• How will data transfer across regions be achieved and what are the concerns here?

g. Accessibility considerations

  • How accessible is the solution?
  • What tools will you use to evaluate its accessibility?

h. Operational considerations

  • Does this solution cause adverse aftereffects?
  • How will data be recovered in case of failure?
  • How will the solution recover in case of a failure?
  • How will operational costs be kept low while delivering increased value to the users?

i. Risks

  • What risks are being undertaken with this solution?
  • Are there risks that once taken can’t be walked back?
  • What is the cost-benefit analysis of taking these risks?

j. Support considerations

  • How will the support team get across information to users about common issues they may face while interacting with the changes?
  • How will we ensure that the users are satisfied with the solution and can interact with it with minimal support?
  • Who is responsible for the maintenance of the solution?
  • How will knowledge transfer be accomplished if the project owner is unavailable?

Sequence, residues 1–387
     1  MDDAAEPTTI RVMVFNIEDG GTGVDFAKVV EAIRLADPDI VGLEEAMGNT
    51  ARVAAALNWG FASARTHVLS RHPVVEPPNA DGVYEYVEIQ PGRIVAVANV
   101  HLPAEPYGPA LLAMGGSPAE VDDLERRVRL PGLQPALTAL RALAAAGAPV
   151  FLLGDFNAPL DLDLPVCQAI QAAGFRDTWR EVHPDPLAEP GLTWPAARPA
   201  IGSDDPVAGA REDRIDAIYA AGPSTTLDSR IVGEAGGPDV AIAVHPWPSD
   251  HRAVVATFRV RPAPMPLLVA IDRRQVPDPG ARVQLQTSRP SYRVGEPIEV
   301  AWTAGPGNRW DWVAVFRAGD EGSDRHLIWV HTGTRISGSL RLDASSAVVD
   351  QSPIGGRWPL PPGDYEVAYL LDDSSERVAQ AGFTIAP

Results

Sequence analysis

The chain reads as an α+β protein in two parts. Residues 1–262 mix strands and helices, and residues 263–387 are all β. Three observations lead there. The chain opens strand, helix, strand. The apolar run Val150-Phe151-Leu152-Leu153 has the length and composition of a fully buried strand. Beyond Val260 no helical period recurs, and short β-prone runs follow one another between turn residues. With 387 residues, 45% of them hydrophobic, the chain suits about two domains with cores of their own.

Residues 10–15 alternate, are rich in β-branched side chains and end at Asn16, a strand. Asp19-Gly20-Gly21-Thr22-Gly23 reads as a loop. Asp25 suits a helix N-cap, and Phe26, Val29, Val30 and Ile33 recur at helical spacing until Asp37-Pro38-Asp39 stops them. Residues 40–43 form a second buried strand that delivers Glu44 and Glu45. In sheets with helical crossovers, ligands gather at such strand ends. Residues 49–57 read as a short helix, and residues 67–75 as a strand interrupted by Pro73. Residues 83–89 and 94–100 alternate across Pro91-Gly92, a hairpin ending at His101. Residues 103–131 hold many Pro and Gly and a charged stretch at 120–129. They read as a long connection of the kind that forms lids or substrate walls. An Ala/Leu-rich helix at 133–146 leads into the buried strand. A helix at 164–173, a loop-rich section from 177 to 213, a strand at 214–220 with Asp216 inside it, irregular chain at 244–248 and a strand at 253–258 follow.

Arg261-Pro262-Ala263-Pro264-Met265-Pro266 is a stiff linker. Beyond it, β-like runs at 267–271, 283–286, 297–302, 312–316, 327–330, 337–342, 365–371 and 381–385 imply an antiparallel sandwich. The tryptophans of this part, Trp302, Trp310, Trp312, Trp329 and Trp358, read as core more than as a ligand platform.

Success Evaluation

a. Impact

  • Security impact
  • Performance impact
  • Cost impact
  • Impact on other components and services

b. Metrics

  • List of metrics to capture
  • Tools to capture and measure metrics


a. Work estimates and timelines

  • List of specific, measurable, and time-bound tasks
  • Resources needed to finish each task
  • Time estimates for how long each task needs to be completed

b. Prioritization

  • Categorization of tasks by urgency and impact

c. Milestones

  • Dated checkpoints when significant chunks of work will have been completed
  • Metrics to indicate the passing of the milestone

d. Future work

  • List of tasks that will be completed in the future


a. Discussion

  • Elements of the solution that members of the team do not agree on and need to be debated further to reach a consensus.

b. Open Questions

  • Questions about things you do not know the answers to or are unsure that you pose to the team and stakeholders for their input. These may include aspects of the problem you don’t know how to resolve yet.

End Matter

a. Related Work

  • Any work external to the proposed solution that is similar to it in some way and is worked on by different teams. It’s important to know this to enable knowledge sharing between such teams when faced with related problems.

b. References

  • Links to documents and resources that you used when coming up with your design and wish to credit.

c. Acknowledgments

  • Credit people who have contributed to the design that you wish to recognize.

posted on 2020-04-09 20:15  cutepig  阅读(263)  评论(0编辑  收藏  举报